A mediastinoscopy is a diagnostic procedure of the lymph nodes in the middle of the chest, around the airways and between the lungs. Your physician may remove some tissue for further analysis.
A mediastinoscopy is a keyhole surgery: a laparoscopic procedure behind the sternum, in the upper part of the chest cavity where your airways are. This area is also known as the mediastinum, the cavity between the two lungs. A mediastinoscopy is a diagnostic procedure in which tissue biopsies are taken from the lymph nodes in the cavity for further analysis. Lymph nodes in the mediastinum can offer us important information to recommend a preferred treatment plan. You will be under general anesthesia during the procedure.
A mediastinoscopy - how does it work?
Your surgeon will look into the mediastinum behind the sternum through a small incision in the neck, right above the sternum, using a small tube with light source (mediastinoscope). The mediastinum contains your heart, airways, esophagus, blood vessels (such as the aorta), nerves, lymph nodes and lymphatic vessels. Your surgeon can take tissue biopsies from the lymph nodes along the airways using small instruments for microscopic analysis. Once the biopsies have been taken, the incision will be stitched shut.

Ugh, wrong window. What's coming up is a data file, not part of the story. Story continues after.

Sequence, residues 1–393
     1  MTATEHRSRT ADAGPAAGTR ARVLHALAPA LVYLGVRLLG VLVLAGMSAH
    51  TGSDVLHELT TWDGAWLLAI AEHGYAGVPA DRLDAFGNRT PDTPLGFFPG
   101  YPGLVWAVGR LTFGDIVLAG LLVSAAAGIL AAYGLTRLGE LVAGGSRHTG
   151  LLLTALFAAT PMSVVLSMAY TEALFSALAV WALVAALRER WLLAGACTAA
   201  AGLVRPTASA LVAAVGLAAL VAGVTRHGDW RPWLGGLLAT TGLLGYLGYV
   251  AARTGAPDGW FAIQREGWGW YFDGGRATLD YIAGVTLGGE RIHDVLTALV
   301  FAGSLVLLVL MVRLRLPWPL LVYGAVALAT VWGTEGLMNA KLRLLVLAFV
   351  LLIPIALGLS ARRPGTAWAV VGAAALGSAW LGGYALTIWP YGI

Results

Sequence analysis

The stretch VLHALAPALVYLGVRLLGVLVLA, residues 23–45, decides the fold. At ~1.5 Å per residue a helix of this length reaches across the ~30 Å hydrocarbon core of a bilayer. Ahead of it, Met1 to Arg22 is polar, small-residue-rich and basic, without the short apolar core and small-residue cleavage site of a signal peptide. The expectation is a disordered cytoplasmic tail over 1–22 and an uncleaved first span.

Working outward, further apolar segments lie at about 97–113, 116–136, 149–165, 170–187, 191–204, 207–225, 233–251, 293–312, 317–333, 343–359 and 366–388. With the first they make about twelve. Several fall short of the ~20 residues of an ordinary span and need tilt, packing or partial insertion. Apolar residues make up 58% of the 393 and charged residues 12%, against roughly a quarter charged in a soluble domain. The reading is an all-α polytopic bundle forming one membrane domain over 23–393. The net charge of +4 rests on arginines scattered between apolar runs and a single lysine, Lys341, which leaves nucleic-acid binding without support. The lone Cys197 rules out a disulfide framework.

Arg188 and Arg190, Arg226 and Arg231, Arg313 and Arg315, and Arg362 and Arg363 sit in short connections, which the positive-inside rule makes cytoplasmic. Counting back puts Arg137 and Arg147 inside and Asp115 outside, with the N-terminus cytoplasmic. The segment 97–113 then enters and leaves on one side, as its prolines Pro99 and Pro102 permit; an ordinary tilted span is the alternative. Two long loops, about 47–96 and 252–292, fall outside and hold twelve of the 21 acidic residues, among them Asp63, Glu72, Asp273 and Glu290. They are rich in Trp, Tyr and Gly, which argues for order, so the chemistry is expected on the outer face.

The procedure will take about an hour. Most patients won't have to spend the night at the hospital.
After the procedure
The procedure should not cause pain. You may feel pressure behind your sternum for a day or two, and your neck may be a little stuff. You will be able to eat and drink as normal very soon.
The results of the tissue biopsy analysis may take several days (seven to ten weekdays) to come in. Your pulmonologist or surgeon will discuss the results with you.